Allen Distinguished Investigator stores frames of a movie in living cells
July 12, 2017
A team jointly led by Allen Distinguished Investigator Jeffrey D. Macklis, at Harvard University, has demonstrated the enormous potential of DNA as a medium for storing information within living systems by encoding black and white images and frames of a short movie in the genome of a population of E. coli bacteria. The work, published this week in the journal Nature, is an exciting first step toward storing more kinds of information, including biological information, within many kinds of cellular DNA.
In order to encode image information into DNA, researchers first had to create a code that represented the pixels, but instead of using zeros and ones, they used the nucleotides that make up DNA. The team, including Macklis, Seth Shipman, Jeff Nivala and George Church, then used CRISPR technology to precisely deliver the code into the bacterial genome. For the five frames of the short GIF—a clip of the mare “Annie G.” galloping from Human and Animal Locomotion by Eadweard Muybridge—each frame was delivered individually, in order. The data encoding the GIF could be later retrieved by sequencing the DNA and reading off the pixel nucleotide code: a feat accomplished with around 90% accuracy.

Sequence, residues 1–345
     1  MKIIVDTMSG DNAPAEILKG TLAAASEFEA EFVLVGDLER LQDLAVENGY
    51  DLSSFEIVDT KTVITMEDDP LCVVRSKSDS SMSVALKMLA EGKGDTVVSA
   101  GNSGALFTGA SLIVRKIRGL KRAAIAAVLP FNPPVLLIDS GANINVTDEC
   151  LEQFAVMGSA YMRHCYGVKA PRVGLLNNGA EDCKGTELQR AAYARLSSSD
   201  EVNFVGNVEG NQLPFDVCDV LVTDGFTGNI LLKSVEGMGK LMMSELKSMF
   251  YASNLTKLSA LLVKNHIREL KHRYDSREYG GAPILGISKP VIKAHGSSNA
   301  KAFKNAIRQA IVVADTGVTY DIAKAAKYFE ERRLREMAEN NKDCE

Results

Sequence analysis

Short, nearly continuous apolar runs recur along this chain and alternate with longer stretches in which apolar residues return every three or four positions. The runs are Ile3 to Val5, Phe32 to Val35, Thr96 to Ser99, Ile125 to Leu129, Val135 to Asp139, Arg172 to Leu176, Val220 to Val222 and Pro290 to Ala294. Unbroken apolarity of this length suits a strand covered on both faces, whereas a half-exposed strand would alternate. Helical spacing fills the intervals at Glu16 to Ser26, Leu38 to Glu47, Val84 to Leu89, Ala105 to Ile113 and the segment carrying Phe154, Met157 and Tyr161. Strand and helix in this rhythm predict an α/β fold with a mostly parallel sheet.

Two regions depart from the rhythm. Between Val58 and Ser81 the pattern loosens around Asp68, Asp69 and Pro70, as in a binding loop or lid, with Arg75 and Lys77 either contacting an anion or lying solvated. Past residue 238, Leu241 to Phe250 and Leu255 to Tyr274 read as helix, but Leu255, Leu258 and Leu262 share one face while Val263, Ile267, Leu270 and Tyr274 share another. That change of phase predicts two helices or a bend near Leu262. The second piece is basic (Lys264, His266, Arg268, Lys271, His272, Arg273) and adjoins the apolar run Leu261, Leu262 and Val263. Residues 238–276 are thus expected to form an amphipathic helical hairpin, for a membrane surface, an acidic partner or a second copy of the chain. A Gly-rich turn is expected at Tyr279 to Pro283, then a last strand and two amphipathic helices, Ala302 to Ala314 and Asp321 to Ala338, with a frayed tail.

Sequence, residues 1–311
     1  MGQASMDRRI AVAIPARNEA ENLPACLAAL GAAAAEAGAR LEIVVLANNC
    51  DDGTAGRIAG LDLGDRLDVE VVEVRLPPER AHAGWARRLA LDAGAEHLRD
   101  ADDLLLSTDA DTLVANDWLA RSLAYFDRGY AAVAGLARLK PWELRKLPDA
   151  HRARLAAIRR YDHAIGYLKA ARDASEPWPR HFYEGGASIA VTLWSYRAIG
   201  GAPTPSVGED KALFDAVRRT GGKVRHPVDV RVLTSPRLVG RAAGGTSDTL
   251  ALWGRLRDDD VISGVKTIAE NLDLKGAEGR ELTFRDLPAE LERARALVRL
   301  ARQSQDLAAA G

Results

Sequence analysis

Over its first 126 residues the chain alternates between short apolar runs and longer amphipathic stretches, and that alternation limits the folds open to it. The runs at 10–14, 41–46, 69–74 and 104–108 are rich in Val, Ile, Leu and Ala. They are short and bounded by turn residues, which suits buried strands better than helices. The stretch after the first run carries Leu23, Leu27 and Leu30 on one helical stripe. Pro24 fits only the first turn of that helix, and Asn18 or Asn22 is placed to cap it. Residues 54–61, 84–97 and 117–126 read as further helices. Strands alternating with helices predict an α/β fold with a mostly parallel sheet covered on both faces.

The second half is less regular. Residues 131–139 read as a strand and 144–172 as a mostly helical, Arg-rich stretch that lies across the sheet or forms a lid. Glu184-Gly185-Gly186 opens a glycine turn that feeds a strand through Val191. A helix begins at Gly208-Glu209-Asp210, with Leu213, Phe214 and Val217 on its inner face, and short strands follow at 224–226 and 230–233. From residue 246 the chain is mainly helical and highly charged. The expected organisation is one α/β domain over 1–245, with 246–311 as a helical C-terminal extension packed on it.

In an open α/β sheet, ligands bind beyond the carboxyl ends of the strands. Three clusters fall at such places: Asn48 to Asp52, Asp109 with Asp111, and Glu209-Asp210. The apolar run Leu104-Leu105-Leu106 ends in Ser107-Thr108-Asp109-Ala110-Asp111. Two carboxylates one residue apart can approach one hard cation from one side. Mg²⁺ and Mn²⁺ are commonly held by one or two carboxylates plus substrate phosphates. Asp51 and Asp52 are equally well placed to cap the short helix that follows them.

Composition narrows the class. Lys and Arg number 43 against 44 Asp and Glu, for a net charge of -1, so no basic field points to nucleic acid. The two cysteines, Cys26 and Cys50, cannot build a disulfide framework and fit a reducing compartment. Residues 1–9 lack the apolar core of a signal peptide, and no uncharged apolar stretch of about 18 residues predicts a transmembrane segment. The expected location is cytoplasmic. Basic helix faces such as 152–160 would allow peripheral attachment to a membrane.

The paper serves as a proof of principle for inserting complex information into DNA, with the future goal of inserting not just frames of a movie, but complex biological information about the cell’s own development.
“This work demonstrates that an engineered system using CRISPR-Cas to edit bacterial genomes can capture and stably store large, practical amounts of real data,” says Macklis. “Our ultimate vision for this technology is for it to serve as a kind of ‘flight data recorder’ for developing neurons, where cells can record their molecular history and we can later read out that information to learn in great detail about cellular development. The work described in this paper provides a solid foundation toward inserting molecular ‘flight data recorders’ into cells and neurons that we want to deeply understand and control: their development, how they become diseased, and potentially even how they regenerate.”
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